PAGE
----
I lived in LA for five years. While I did, I traveled frequently to the Bay. Sometimes by plane. Sometimes by car. When by car, I always took the 5. Up. Then down. It's an efficient drive. Boring for the three hours that separate Bakersfield from the Pleasanton area. Generally unremarkable. Nothing, I suspected, like cruising along California's Highway 1.
So...you can guess where this story is going.
When I found out that my office would be closed for a couple days following the conclusion of the conference our whole staff was working in San Francisco during the third week of October, I immediately made plans to kick it in LA for the last week of the tenth month.
Since I didn't have any particular agenda or schedule, I figured I'd do what I never did while I had an 818 number for my landline: drive the coast.
Saturday, Oct. 20 was the glorious end of my conference. I celebrated pretty late that night. I remember some Jack Daniels Manhattans. A really pretty Thai girl. A bus where skinny people skated through the aisles handing out cans of Tecate. A statuesque Swedish chick. A handful of drink tickets that I showered on friends and strangers alike. Somewhere in there, I think I ate a whole pizza. Maybe.
Consequently, I was in fantastic shape the next morning when I showed up at the rental spot to scoop my cherry red '08 Grand Prix.
After I said peace to the homie Dom and the lady Mariam following a healthy breakfast surrounded by upright and fully clothed people, I jumped on the freeway and skated toward Highway 1. No traffic on a Sunday afternoon. Clear blue skies around me. Herbie Hancock in the CD player. And a rather mild headache to keep my company. I hit the 1 just shy of 4 pm.
Turns out that was less than a good look.
Highway 1 is not the 5. At all. It curves around on itself as if it wants to swallow its own tail. There are perilously low-lying stretches. And climbs along cliffs that don't know when to peak. Some places measure out at just barely two car widths. And it takes forever to drive it. Especially when you're hung over and extra-sleepy.
It also has some of the most spectacular scenery you'll ever see in your rear view mirror.
There's a place in Carmel where, if the sun hits it just right, the ocean reads denim. Like it's a big pile of blue jeans waiting to be folded. I've never seen anything like it.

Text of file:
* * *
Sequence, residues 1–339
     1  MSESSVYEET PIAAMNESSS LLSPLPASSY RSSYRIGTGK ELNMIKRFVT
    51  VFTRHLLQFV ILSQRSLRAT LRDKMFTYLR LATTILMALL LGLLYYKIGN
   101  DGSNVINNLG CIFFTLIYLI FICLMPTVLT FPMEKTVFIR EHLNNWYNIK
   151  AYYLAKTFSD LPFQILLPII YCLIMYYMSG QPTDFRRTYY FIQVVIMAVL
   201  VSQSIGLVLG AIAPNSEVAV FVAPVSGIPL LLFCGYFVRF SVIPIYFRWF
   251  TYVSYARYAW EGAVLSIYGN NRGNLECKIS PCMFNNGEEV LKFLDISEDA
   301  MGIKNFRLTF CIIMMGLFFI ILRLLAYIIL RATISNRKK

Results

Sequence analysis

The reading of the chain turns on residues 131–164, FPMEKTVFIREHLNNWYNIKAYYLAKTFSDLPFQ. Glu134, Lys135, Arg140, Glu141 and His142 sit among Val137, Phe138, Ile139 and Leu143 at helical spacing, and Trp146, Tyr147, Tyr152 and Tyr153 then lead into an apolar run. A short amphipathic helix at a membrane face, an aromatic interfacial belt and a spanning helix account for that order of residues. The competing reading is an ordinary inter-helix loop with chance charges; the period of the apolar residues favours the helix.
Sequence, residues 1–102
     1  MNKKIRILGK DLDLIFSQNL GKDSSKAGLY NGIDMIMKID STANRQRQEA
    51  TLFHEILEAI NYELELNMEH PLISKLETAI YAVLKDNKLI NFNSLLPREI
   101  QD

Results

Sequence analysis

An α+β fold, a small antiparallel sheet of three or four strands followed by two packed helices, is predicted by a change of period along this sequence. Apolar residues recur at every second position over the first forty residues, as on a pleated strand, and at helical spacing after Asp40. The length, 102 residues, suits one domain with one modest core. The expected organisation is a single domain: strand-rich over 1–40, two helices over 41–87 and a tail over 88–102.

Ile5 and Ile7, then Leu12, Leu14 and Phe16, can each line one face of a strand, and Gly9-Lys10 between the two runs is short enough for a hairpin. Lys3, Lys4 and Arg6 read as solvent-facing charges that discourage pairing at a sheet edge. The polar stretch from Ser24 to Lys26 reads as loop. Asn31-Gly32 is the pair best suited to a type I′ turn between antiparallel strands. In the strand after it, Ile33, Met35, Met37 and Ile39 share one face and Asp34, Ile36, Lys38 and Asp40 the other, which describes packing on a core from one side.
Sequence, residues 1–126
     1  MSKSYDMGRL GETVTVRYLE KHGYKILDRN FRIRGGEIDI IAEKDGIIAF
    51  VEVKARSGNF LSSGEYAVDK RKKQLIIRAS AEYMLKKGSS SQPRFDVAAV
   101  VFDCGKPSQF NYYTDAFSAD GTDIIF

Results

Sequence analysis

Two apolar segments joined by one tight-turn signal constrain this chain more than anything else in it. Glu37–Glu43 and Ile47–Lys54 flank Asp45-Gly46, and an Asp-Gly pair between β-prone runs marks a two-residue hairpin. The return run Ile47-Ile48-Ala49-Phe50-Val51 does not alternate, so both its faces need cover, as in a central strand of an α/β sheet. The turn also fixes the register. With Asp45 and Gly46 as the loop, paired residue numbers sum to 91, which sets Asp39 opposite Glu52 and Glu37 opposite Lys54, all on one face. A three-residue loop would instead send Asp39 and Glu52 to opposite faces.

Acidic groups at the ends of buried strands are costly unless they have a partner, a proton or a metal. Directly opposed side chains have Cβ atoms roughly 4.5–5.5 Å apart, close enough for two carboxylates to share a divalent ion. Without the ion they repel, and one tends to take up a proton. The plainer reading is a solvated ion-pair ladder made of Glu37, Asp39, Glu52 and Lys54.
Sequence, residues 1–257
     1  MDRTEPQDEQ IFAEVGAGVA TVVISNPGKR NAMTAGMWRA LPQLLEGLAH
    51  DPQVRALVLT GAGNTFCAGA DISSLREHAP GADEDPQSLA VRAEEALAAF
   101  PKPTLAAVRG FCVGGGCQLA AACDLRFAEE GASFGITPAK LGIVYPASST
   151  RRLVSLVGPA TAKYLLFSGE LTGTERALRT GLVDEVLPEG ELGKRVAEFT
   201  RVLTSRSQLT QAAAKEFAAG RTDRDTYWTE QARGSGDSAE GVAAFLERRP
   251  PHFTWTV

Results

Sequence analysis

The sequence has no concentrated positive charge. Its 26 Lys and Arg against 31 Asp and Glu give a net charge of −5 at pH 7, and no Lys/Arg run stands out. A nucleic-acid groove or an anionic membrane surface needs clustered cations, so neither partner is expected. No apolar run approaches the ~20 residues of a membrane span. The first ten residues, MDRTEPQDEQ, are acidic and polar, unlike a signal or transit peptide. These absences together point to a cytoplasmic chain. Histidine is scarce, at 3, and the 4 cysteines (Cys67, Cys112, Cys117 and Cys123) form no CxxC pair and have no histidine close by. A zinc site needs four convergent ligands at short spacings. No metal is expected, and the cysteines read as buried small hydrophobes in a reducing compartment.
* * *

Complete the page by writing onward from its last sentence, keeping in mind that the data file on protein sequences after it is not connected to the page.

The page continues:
I am not entirely sure how I survived the first six hours of the drive. I do know that Marlena Shaw will never sound so sweet again. And I know that I owe the homie Mike at least three beers for driving the last leg of the trip while I was knocked out in the passenger seat.
Mike and I had made arrangements earlier in the week for me to scoop him up near Cambria. Which is about four hours north of LA. And very close to the Hearst Castle.
He gave me directions which seemed easy enough to follow. In the sleepy darkness, though, I ended up getting lost. Fortunately, there was Highway 1, two different roads trailing off the 1 and the Pacific Ocean. Since I sorta knew better than to drive into the sea, I got unlost pretty quickly.
Just as soon as I did, I heard this strange pop while trying to turn onto the correct road. Stopped the car. Jumped out. A hissing sound from the right front of the car cracked the silence.
No sooner did "Sonofabitch" come off my lips than a random truck wearing a surfboard screeched up beside me.
"Are you a friend of Mike's?"
"Yeah. You got a flat?"
Shook my head yes. Watched the goateed stranger grab a flat tire repair kit from his car and go to work. Phone rang.
"Mike? What's up man? I got a flat, but your dude is johnnyonthespot gettin' it fixed."
"Uh, my friend Phil is supposed to be in LA right now."
"Let me call you back, Mike."
I asked the Samaritan surfer which Mike he knew. Turns out there are several people on earth who share that name. Thankfully, he had already fixed the tire on my rental when we figured out that we shared nothing in common but serendipity and facial hair.
I shook his hand firmly. Asked if I could make some gesture of gratitude. He smiled. Pointed me in the direction that I needed to travel. Climbed back into his truck. And disappeared.
I shook my head in disbelief and wondered if this little sidebar could get any stranger.
Mike was staying at a ranch house tucked behind an avocado grove on his friend's 400-acres of farm land. The one road that wound through it looked like someone was still trying to learn cursive. It was dark. Country dark. Where the only lights to guide me were the stars in the sky and my own headlights.
As I crawled along, I noticed some creatures standing in the road ahead of me. I slowed. Squinted my eyes. Double-taked at what appeared to be four striped, little horses. I stopped inches away from them. Headlights yelling on my behalf.
Those aren't striped, little horses. Those are f--kin' zebras!
Zebras, dude. Seriously.
It wasn't the hungover. It wasn't the fatigue. It wasn't any part of my mind playing tricks on me. There were f--kin' zebras in the middle of the road. In California.
I got out the car. They trotted away. Phone rang again.
"Mike, where in the hell are you staying, man?"
He laughed a big, knowing laugh.
30 minutes later, he was behind the wheel of the rental explaining that the there used to be a zoo on the Hearst Estate and that they had set a lot of the animals free some time ago to roam the ample farmland neighboring it.
I shook my head again in disbelief.